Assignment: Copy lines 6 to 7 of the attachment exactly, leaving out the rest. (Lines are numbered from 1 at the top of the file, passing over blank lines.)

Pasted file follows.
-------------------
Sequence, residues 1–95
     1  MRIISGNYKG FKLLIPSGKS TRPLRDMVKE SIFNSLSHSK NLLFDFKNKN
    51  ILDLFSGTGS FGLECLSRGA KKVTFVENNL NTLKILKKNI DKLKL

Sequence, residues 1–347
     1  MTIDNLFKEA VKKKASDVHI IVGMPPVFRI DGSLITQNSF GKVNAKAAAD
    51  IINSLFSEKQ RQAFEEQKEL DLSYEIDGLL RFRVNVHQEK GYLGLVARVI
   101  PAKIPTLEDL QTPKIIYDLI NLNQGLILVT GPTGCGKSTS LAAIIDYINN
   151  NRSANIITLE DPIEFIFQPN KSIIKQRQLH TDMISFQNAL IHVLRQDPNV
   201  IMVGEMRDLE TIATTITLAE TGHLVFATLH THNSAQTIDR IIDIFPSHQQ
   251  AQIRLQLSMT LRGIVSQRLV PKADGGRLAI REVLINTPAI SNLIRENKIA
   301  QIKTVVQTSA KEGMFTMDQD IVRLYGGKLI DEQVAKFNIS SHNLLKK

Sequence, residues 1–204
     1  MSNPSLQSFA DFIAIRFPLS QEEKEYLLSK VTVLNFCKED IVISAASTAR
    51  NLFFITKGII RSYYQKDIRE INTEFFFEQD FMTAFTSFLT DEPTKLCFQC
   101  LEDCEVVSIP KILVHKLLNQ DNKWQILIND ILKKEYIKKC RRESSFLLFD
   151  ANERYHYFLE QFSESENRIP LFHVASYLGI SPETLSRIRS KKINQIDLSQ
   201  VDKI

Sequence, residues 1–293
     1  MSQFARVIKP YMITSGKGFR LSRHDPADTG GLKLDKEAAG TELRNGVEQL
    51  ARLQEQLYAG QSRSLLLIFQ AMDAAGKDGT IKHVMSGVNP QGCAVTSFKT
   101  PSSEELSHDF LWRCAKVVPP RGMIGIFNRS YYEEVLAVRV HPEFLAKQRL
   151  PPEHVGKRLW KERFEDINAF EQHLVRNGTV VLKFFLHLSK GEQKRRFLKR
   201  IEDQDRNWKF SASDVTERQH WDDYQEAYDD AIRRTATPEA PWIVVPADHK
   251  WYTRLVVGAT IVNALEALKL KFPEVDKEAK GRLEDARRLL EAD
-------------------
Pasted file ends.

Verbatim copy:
    51  IINSLFSEKQ RQAFEEQKEL DLSYEIDGLL RFRVNVHQEK GYLGLVARVI
   101  PAKIPTLEDL QTPKIIYDLI NLNQGLILVT GPTGCGKSTS LAAIIDYINN